Arizona child support case

by Annette Burns on April 29, 2007

The Arizona Court of Appeals has found that a like-kind exchange of property done under the Internal Revenue Code section 1031 does not change the nature of property to require the court to begin attributing income to the property for child support purposes.  Jenkins v. Jenkins, 1-CA-CIV-06-0359, filed April 26, 2007. Download Jenkins.pdf

At the time the original child support order was entered, Father owned farm property worth approximately $7M which produced no direct income (but which Father apparently farmed for his personal income which was used to calculate child support).  The original order noted that if Father ever sold that property and invested the funds, it might be proper for the court to impute income to Father based on those invested funds.  Neither party appealed from the original Decree and child support order.

Post-decree, Father did sell the property but entered into a 1031 like-kind exchange which required him, under the Internal Revenue Code, to reinvest his proceeds from the sale into a new property within 180 days of the sale.   By doing this, Father received no actual income and avoided paying taxes on the sale.   Father’s actual proceeds (before the exchange) exceeded $7M and he completed the like-kind exchange for the new property, which he continued to farm.

After the sale/ exchange, Mother filed a petition to modify child support and asked the court to attribute a 5% return on the $7M of sale proceeds, and to increase the child support award based on Father’s increased (attributed) income.  Mother argued that Father made the decision to use the like-kind exchange rather than receive the actual sales proceeds and therefore income on the property proceeds should be attributed to him.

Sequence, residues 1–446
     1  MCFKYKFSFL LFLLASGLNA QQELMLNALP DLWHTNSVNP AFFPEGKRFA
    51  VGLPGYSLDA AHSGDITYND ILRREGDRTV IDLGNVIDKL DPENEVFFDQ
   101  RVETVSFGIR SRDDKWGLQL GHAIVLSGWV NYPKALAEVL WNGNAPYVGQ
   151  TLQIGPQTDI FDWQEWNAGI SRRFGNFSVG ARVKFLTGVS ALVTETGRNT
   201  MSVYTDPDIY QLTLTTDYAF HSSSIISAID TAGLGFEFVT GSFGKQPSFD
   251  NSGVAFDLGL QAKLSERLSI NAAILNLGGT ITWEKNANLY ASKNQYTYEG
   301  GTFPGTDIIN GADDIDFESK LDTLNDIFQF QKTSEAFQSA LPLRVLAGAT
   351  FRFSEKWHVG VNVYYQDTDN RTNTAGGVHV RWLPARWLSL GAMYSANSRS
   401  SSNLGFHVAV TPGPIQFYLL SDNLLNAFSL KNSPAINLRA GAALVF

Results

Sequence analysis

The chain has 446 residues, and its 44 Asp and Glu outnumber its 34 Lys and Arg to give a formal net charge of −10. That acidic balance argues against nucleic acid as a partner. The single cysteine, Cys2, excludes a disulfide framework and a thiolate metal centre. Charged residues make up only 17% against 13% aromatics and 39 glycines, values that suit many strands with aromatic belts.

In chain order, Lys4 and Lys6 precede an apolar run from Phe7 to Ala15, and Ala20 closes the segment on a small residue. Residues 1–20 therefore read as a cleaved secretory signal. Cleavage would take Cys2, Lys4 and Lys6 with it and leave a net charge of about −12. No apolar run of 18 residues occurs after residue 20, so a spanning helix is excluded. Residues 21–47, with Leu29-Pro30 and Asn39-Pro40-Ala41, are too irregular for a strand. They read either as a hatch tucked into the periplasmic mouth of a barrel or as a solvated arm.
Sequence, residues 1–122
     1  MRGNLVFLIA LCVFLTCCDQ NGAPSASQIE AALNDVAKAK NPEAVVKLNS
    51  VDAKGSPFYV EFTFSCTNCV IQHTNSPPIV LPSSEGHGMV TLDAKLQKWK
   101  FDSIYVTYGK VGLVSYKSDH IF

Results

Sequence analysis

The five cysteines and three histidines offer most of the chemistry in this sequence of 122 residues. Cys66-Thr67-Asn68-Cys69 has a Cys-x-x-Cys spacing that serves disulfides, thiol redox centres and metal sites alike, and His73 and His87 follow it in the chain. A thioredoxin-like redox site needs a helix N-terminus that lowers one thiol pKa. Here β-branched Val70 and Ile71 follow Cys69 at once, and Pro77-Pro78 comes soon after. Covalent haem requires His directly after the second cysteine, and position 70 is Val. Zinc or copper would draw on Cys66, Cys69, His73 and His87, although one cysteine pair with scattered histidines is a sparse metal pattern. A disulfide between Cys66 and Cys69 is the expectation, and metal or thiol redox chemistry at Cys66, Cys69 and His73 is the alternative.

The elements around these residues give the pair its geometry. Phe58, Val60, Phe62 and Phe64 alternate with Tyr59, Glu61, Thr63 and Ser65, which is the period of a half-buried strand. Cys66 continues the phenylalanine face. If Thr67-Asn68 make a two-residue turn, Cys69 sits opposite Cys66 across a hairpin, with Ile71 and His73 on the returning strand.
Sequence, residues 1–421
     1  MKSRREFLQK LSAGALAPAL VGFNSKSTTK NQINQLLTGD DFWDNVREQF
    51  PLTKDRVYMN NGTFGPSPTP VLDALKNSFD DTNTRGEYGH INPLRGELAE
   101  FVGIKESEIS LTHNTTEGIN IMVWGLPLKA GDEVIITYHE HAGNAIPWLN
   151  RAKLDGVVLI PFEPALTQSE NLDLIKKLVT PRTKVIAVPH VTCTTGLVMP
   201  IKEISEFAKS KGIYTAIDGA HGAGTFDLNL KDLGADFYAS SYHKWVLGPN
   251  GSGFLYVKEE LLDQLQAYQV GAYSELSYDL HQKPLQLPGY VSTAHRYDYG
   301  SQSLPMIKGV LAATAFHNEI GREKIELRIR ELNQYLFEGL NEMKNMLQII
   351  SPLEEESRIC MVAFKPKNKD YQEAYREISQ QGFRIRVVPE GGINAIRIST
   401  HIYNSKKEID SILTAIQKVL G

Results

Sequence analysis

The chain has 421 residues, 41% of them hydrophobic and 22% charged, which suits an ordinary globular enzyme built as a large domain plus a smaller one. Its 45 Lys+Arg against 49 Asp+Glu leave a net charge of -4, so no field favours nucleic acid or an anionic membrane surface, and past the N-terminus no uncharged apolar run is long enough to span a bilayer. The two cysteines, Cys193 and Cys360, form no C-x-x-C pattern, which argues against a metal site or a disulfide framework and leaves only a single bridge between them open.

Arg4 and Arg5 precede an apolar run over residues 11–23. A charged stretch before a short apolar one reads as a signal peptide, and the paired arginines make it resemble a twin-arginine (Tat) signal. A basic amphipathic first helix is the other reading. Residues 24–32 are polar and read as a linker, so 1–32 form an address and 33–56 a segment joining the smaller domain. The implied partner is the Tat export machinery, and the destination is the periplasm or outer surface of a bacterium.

Mother analogized this situation to one where an employee spouse decided not to exercise stock options which were vested and available to the employee. In re Marriage of Robinson, 201 Ariz. 328, 35 P.3d 89 (2001).    The Robinson court held that vested stock options constitute income to the employee for child support purposes regardless of whether the employee actually exercised the options. 

The Court of Appeals disagreed with the analogy.  While unexercised but vested options are actual, available income to the employee, the Father in this case did not receive any actual income.     The like-kind exchange transformed property from one form to another, but did not make the property income-producing.   The Court of Appeals affirmed the trial court’s refusal to attribute income.   

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